Wednesday, August 06, 2008

The Future of the U.S. Military Presence in Iraq

With the political atmosphere in Washington DC charged for the upcoming election, there are few issues debated more that the future of US military presence in Iraq? On Friday, July 25th the United States Institute of Peace, USIP, decided to engage those on all sides of this debate for a panel discussion concerning this very subject: The Future of the U.S. Military Presence in Iraq. The speakers included Ms. Kimberly Kagan, Mr. Charles Knight, Mr. Colin Kahl, and Ms. Rend al-Rahim.

Ms. Kimberly Kagan, the President of the Institute for the Study of War, detailed that the surges contributed to political process although political advances lag behind those of increased security. Our objectives in Iraq are to help Iraq establish peace with neighbors, become an ally in the War on Terror, and to generate a stable, legitimate, democratic government. She suggests we retain US military presence to prevent ‘malign’ influences on the upcoming elections and any resurgence of violence. It is wise to avoid considering the upcoming election as a culmination of efforts but instead to look at them as the beginning of a political process that will continue to need social, economic, and political assistance. She believes the US should maintain ‘peacekeeping activities’ because a withdrawal would give Iranian-backed enemies a timetable to regroup and jeopardize the political process. The presence of US forces allows the Iraqi government to focus on governance, reconstruction, and reintegration of previous extremist into government to begin negotiations.

Quite contrary to Ms. Kagan’s speech, Mr. Charles Knight, Co-director of the Project on Defense Alternatives at the Commonwealth Institute, strongly expressed that the US military occupation is the central feature of “our strategic failure” in Iraq. He discussed the miscalculation of what could be accomplished by arms, the failure of the US to understand identity politics, and the failure to consider international cooperation and legitimacy of actions. He expressed that the US military presence in Iraq has “tarnished the meaning and promise of democracy.” Mr. Knight advocates for unconditional withdrawal accompanied by internationally supported reconciliation efforts under a code of non-interference. While he acknowledges that the surges have increased security, he believes it is far from sufficient and that the US- Iraqi alliance is a “shaky marriage of convenience.”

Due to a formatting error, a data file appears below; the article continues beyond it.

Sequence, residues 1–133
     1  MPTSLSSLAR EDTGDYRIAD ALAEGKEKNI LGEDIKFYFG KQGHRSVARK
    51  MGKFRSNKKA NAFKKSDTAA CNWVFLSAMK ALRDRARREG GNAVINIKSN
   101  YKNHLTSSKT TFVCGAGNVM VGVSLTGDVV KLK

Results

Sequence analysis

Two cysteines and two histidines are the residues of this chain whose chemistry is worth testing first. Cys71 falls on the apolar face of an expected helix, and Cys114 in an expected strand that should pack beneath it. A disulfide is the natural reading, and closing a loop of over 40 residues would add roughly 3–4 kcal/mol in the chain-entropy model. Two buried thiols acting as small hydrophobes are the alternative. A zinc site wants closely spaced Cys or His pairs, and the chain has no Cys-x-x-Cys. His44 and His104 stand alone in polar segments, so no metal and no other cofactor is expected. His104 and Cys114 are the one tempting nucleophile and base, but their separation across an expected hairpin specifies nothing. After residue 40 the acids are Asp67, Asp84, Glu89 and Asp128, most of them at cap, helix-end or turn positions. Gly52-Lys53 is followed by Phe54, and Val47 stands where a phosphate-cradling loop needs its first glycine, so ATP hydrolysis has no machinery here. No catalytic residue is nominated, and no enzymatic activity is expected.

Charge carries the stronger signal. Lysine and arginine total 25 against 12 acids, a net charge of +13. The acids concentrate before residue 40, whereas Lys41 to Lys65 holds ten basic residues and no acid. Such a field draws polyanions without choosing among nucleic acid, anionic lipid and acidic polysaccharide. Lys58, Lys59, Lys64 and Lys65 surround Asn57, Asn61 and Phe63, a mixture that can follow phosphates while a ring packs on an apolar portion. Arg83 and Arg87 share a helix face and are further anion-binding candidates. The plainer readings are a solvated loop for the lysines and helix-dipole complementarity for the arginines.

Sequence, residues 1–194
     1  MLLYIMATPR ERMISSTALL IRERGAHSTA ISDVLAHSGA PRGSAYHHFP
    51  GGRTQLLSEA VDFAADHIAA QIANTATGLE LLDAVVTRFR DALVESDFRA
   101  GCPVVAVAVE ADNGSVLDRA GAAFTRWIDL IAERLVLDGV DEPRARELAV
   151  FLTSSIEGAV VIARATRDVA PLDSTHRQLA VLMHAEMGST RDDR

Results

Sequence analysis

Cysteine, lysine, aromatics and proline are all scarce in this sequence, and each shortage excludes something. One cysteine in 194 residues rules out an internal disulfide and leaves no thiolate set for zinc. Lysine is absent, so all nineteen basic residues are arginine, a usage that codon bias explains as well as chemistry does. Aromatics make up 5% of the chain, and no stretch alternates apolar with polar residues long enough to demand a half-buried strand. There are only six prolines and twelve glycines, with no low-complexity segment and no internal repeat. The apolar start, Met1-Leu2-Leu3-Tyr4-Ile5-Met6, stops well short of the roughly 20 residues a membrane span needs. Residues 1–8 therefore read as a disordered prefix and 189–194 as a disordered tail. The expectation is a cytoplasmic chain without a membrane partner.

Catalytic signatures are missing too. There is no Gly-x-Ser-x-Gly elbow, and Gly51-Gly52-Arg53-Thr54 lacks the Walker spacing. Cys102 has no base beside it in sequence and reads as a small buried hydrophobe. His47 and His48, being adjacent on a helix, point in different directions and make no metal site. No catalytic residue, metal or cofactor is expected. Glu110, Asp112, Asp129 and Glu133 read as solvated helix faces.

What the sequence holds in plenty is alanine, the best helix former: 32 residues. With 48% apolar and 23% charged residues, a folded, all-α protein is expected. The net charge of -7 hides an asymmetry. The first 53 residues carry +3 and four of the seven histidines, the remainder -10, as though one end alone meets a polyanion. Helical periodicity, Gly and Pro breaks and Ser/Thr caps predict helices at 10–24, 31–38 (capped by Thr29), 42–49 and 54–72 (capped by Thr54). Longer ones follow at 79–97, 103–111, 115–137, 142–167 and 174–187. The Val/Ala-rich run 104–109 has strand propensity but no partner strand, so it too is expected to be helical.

Mr. Colin Kahl, a Senior Fellow at the Center for a New American Security, believes that our future presence in Iraqi is “all about balance,” between eradicating terrorism, generating stability, and providing leadership and credibility for governance. To contend with ongoing problems of ethno-sectarian conflicts, Mr. Kahl advocates that Iraq bring extremists into the political process, improve governance and increase employment. Additionally, the US needs to help professionalize the Iraqi Security Forces (ISF) to ensure that they will act as a neutral body accountable to the state. The best option for future US military involvement is that of conditional engagement to pursue withdrawal and also provide residual support. The idea of a timeline with ‘conditions’ attached is paramount because the fundamental flaw in our strategy has been US politics not involving conditionality according to Mr. Kahl.

USIP’s Iraqi Fellow, Ms. Rend al-Rahim strongly echoed Mr. Kahl’s sentiments stating that he has a good understanding on things on the ground and the failure of US policy strategy. She furthered Mr. Kahl’s argument that the surges have been successful in increasing security but their original intent to improve the political process has seen little gain. Furthermore, she cited four mistakes the U.S. made in structuring the ISF: focusing on quantity and not quality, focusing on combat instead of command or control, ignoring integration of those serving in the ISF, and ignoring issues of loyalty of the army to the state. Ms. al-Rahim supports conditional engagement in Iraq and believes that the United States’ lack of declaratory statements and sanctions against Iraq have actually hindered the development of good governance. Iraq remains fragmented and faces problems with amnesty which prevent sustainable security. She comments that is a great sense of apprehension in Iraq that the increased security can break down at any moment; therefore, the US military should continue to stress the importance of integrating the ISF. If Sunnis do not feel as though they are equal partners in the state then Iraq may face another insurgency and relapse in violence. Sunnis must see the benefits of participating in society and they must be integrated into the leadership of the country. Above all else, Ms. al-Rahim emphasized that the US has not yet used the whole range of carrots and sticks in the last 5 years in Iraq and the military should change our strategy to one of conditional engagement while we strengthen the ISF.

This idea of conditional withdrawal supported by both Mr. Kahl and Ms. al-Rahim and opposed by both Ms. Kagan and Mr. Knight adequately illustrated the strong differences in opinion presented at the panel. For example at the conclusion of the panel, while Colin was of the mindset that 2009 will be spent “managing our increasing irrelevance,” Ms. Kagan strongly believed that 2009 will be a crucial year demanding strong US military support for the upcoming Iraqi elections.

Sponsor: United States Institute of Peace
Date: July 25, 2009
Time: 10 am -12 pm
Representative Attending: Jessica Walker

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